Value Investing Is All About Bargain Hunting
Buy low, sell high. Repeat
I love deals. And if you’re a treasure hunter like me, your antenna is always up. Consider winter coats. As we head into summer, retailers like TJ Maxx and Ross Stores are unloading last year’s stock of winter clothing at discount prices. Now would be a perfect time for bargain shopping, especially if you’re seeking overall quality, rather than keeping pace with the latest trends. If you went shopping for winter coats this weekend, you’d likely find some quality options for 50% or 60% off compared to what you’d pay in November when everyone is on the winter coat train and inventories are short.
As an investor, I want a deal on my stocks as much as I want a deal on my winter coat. The essence of both propositions is to buy for less than what the assets are worth.
Treasure hunting for stocks is tough work, though. It takes diligence, patience and a willingness to sort through heaps of possibilities before settling on the right assets. And you always need to be wary of fool’s gold. Just because the market sentiment around an asset switches from hot to cold doesn’t mean we should follow suit. It often means the opposite.
When we search for investing bargains, we’re looking for strong companies with solid fundamentals and a margin of safety. Fundamentals are attributes like price, profitability, revenue, assets, liabilities, and growth potential. A margin of safety can be assessed by looking at a company’s market share and competitive advantage, and can be crucial to hedge against unknowns. Of course, there is always an element of risk - no amount of research will eliminate that. What we’re talking about here is understanding a company’s relative price and its position within the marketplace.
The impact of volatility
Let’s look at how the volatility introduced by COVID-19 impacted Ross Stores. In March of 2020, most brick-and-mortar stores were shuttered and there was no immediate relief on the horizon. Ross Stores hit a low of $60 per share on March 23, 2020. In March of 2019, Ross was trading at a price of $100/share, and was growing by an average of 10% per year. Ross Stores, like many other retail stocks, was in the bargain bin in Q2 2020. But in Ross’ case, because the depressed stock price paired with strong fundamentals, it was reasonable to attribute a margin of safety when considering buying the dip. Ross, like many other retailers, weathered the storm and rebounded from their lows of 2020, and as of this writing is trading at $124 a share.
The impact of bargain shopping
The S&P 500 has given investors an average annual return of 10% since its inception in 1926. We’ll use that average rate of return to illustrate how bargain shopping can bolster future returns. Let’s say that you've been researching stock X and feel that it’s worth between $90 to $110 a share. Its current market price is $110, and it’s current true or intrinsic value is $100. After some buzz in the media, stock X rises to $110 a share. Since this falls within your target range, you buy it at this price. With a true value price of $100 and an average return of 10%, in five years, one share of stock X would be worth $161, with an average annual return of 7.92%, as illustrated below.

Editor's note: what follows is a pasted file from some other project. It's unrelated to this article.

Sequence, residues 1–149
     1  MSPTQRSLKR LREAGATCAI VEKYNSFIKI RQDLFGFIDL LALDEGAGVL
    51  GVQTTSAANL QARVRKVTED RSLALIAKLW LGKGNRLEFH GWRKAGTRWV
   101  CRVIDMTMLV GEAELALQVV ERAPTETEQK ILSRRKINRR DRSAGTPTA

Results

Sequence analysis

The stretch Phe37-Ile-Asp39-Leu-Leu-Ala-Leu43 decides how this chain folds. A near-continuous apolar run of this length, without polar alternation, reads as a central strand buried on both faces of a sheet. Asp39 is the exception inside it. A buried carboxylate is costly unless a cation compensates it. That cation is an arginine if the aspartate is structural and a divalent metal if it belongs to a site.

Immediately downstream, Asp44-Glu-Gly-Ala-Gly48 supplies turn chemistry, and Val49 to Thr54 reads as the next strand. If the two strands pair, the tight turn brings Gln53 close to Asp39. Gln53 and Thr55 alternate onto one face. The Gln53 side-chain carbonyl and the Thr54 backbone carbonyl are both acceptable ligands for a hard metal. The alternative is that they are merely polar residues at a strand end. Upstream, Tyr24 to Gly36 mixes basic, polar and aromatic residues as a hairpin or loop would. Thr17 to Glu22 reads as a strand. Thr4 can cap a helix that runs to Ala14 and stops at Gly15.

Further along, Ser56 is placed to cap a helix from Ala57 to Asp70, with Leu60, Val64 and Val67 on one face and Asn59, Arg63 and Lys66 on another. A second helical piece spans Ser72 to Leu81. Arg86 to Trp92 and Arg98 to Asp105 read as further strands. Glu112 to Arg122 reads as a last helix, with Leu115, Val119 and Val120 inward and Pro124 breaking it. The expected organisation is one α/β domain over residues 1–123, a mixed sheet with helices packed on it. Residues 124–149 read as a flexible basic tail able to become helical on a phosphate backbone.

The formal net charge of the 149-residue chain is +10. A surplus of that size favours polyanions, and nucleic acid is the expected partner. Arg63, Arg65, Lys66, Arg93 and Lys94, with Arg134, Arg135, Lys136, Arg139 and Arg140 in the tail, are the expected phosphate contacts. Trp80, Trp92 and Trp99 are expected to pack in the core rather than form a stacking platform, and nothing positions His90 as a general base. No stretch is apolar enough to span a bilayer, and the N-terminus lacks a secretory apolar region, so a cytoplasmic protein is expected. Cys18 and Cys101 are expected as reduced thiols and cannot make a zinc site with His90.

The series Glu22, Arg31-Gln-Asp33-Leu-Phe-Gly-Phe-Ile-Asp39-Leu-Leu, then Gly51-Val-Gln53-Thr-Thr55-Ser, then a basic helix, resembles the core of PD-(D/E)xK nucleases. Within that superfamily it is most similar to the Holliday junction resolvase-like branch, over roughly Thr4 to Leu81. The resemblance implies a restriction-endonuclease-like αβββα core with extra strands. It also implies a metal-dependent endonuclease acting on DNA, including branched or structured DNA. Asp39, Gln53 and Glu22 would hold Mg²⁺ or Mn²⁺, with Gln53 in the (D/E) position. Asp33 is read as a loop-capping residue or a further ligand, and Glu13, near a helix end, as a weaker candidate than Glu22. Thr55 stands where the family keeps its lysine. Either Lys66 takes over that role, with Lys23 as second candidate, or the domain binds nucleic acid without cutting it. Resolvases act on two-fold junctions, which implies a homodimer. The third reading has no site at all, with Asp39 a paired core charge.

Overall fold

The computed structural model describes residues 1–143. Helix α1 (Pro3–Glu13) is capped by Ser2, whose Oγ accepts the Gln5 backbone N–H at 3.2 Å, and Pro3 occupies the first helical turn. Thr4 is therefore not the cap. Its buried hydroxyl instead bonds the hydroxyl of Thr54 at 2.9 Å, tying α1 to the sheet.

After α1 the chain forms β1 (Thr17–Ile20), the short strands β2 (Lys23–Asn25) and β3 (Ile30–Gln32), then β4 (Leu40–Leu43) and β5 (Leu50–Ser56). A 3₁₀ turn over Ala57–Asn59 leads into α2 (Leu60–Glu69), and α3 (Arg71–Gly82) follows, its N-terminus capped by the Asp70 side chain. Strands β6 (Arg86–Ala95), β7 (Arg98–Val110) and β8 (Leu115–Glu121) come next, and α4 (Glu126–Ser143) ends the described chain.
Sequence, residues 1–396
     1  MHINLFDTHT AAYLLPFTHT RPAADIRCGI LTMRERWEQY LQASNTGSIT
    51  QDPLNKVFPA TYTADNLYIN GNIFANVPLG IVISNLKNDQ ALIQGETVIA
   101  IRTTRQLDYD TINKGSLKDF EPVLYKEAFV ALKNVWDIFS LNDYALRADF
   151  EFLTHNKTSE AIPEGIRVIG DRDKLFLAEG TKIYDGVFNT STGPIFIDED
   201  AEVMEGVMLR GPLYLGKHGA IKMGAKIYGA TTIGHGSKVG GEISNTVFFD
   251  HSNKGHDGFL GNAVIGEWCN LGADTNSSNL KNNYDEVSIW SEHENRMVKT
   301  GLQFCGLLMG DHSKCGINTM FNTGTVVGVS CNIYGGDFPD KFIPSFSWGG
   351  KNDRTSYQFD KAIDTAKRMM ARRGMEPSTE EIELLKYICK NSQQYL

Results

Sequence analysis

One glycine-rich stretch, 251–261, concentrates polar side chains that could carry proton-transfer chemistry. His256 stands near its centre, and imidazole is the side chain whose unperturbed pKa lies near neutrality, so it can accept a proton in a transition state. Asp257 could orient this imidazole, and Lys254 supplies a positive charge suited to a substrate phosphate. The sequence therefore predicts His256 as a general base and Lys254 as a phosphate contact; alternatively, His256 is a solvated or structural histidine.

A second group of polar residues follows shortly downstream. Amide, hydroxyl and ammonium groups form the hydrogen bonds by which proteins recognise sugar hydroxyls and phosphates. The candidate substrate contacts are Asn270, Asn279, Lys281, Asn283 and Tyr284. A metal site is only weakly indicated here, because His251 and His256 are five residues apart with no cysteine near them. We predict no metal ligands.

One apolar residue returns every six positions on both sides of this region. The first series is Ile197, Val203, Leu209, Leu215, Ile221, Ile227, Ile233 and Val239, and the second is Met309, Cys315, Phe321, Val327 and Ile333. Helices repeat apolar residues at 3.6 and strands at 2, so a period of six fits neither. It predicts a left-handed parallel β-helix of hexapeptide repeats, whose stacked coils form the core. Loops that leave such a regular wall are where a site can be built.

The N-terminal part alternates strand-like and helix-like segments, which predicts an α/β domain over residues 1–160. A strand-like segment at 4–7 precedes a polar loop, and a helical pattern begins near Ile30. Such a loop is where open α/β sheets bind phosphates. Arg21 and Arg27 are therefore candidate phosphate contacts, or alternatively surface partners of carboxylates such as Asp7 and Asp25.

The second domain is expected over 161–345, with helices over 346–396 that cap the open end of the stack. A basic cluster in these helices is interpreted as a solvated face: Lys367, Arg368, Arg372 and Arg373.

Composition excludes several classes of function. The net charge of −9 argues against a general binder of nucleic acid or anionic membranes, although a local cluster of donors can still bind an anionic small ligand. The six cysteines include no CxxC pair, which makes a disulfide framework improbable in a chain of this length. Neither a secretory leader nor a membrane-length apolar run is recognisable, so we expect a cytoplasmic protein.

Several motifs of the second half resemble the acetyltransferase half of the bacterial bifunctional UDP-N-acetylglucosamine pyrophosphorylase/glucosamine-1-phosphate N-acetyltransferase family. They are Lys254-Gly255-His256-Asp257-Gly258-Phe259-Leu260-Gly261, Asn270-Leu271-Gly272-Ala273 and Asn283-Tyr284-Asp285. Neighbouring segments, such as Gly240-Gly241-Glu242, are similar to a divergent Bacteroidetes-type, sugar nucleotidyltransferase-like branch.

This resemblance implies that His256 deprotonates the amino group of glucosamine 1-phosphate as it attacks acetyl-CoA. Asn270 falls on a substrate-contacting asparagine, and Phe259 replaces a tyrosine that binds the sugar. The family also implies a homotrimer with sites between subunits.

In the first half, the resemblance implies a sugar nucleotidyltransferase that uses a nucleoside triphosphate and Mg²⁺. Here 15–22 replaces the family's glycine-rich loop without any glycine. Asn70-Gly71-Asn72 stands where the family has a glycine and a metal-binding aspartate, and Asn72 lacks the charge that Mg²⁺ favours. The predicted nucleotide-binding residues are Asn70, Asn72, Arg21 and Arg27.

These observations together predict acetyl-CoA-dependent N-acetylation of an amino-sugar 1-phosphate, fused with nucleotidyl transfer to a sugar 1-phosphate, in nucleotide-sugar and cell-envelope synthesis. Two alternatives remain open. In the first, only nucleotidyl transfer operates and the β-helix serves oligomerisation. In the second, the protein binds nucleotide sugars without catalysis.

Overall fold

But what if you didn’t buy it at $110 per share, and waited instead? Thanks to short-term volatility (aka market noise) the market price dropped to $90 per share and you bought it then. In five years, your return would be 12.34%. That’s value investing in action.
Take the level of risk you’re comfortable with
Trying to take advantage of deals in the market can be unsettling. Oftentimes, it requires you to be a contrarian. You don’t get deals when you do what everyone else is doing. When you buy into the latest trends, fads or fashionable investments, you tend to pay higher prices. But if you leverage available analytics and conduct careful research, you can often find value in assets that have been overlooked.
The important takeaway is the underlying principle spelled out by Warren Buffet, the ultimate value investor. He suggested you should be fearful when others are greedy, and greedy when others are fearful. To put it another way, you can often find quality options at value prices when you take the time to look through the bargain bin.
If you’d like to learn more about how you can integrate value investing into your portfolio, schedule a meeting with one of our fiduciary advisers, at no cost or obligation.
Adam K. Wright, CFA, CFP®
Adam guides the vision and implementation of the firm's fiduciary service approach and directs client engagement, service integration and investment management practices.
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